She does not just change names and identifying details – these are not people who can presume they are safe – she also dramatises stories, researching the facts and contexts, then bringing them to life “using sensory details I found and imagined”. It works brilliantly and there is never any doubt as to the authenticity of the narrative.

“What is a true refugee?” she asks. She knows from her own life that the reasons for flight can be complex and muddy, and that some of the decisions taken along the way may be irrational or contradictory, events random and hard to believe: “Sometimes in life, impossible things happen and they are nonetheless true,” she notes.

However, immigration officials are trained to spot inconsistencies and to find in them reasons to refuse asylum. “We assign our least talented, most cynical bureaucrats to be the arbiters of complicated truth, not instructing them to save lives, or to search out the weary and the hopeless, but to root out lies, to protect our fat entitlements, our space, at any moral cost,” she writes. “It is a failure of duty.”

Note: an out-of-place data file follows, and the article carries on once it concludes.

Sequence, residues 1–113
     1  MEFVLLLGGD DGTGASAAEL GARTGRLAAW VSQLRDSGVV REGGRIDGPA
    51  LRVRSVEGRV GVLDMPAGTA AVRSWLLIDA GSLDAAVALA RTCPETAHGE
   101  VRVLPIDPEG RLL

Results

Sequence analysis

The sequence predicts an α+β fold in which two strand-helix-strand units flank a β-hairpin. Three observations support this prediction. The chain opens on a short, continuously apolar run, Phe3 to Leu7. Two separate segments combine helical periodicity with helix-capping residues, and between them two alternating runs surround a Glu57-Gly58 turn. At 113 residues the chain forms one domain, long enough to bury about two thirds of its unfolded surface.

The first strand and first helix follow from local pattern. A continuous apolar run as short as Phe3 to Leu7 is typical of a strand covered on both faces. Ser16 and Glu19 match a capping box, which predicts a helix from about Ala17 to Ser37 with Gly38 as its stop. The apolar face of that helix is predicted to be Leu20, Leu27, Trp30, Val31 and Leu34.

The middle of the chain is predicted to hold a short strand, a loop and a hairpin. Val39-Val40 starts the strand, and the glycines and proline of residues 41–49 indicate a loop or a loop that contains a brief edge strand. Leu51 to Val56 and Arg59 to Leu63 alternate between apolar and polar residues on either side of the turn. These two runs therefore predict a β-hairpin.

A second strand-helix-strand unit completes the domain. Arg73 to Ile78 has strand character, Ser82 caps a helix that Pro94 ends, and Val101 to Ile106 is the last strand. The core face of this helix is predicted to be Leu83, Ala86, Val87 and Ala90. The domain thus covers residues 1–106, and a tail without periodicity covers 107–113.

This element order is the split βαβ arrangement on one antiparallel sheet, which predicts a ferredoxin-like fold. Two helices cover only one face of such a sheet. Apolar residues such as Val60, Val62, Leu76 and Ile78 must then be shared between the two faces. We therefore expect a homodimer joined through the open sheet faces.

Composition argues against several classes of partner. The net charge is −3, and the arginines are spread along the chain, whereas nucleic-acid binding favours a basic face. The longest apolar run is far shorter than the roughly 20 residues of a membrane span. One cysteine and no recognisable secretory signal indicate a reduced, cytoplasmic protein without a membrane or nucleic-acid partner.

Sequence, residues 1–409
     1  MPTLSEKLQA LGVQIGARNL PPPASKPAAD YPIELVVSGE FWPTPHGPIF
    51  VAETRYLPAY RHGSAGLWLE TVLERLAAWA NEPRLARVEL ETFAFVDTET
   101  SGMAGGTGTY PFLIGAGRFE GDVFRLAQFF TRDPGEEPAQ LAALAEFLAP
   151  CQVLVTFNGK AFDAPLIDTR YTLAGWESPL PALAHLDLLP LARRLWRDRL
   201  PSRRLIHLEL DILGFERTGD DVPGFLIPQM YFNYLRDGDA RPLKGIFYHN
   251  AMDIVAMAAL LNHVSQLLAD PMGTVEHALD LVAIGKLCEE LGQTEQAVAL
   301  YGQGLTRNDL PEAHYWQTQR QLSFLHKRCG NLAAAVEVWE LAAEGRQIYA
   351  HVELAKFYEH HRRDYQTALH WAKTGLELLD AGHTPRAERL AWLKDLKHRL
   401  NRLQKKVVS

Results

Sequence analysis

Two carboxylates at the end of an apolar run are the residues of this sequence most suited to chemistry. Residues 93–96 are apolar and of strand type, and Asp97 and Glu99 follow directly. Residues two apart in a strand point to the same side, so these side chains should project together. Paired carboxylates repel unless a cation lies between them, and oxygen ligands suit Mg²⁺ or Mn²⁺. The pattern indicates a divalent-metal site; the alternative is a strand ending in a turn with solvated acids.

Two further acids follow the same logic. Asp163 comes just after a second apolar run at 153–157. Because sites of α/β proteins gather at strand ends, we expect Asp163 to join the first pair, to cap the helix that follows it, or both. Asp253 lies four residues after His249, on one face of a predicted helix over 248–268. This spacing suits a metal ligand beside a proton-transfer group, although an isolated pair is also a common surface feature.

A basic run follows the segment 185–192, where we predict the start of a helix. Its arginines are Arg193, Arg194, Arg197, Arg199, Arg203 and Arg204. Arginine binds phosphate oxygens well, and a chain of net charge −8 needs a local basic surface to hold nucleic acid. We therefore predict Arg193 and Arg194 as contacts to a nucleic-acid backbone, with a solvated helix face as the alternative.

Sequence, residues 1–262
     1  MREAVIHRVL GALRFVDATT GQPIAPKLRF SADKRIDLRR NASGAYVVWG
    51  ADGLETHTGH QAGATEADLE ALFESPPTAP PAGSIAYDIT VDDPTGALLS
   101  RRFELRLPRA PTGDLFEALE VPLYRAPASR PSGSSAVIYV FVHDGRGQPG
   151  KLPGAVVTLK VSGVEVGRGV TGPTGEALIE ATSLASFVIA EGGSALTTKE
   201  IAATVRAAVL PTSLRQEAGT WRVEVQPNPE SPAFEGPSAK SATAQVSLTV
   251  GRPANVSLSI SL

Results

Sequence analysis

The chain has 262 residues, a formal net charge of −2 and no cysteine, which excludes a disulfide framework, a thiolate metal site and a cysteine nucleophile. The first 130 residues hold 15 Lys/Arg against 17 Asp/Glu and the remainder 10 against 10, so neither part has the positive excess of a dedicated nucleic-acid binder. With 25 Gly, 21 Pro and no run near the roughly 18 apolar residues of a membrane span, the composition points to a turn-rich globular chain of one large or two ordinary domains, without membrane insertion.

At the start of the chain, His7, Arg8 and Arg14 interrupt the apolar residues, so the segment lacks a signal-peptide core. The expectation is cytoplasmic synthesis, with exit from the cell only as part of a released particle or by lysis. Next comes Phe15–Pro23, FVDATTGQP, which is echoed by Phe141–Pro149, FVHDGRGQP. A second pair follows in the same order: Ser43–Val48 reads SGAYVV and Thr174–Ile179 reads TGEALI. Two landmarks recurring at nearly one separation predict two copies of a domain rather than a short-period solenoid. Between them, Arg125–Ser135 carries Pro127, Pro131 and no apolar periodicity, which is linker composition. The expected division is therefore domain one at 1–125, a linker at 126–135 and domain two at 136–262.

When she meets Hamid, who self-harms, she wants to shake him and tell him to keep himself undamaged: “The Americans and the English, they like triumphant stories . . . they want to find excellent people, luminaries, pluck them out of hell, knead them flawless . . . they want to congratulate themselves for something remarkable.”

In the Netherlands she meets Ahmed Pouri, known as a refugee whisperer because he helps those seeking refuge “to present themselves the European way”. Refugees, Naderi finds, spend their lives battling to be believed.

“For centuries, the civilised world has respected ‘the right of asylum’,” she writes. “It is an ancient juridical concept recognising the right of the imperilled to sanctuary. Historically . . . every western government has respected and understood this principle – until now.”

She finds it heartbreaking that innocent people flee in terror from their beloved homes, comforting themselves that “the civilised world is kind”. This book is an excellent addition to the contemporary literature of human rights.

Susan McKay

Susan McKay, a contributor to The Irish Times, is a journalist and author. Her books include Northern Protestants: On Shifting Ground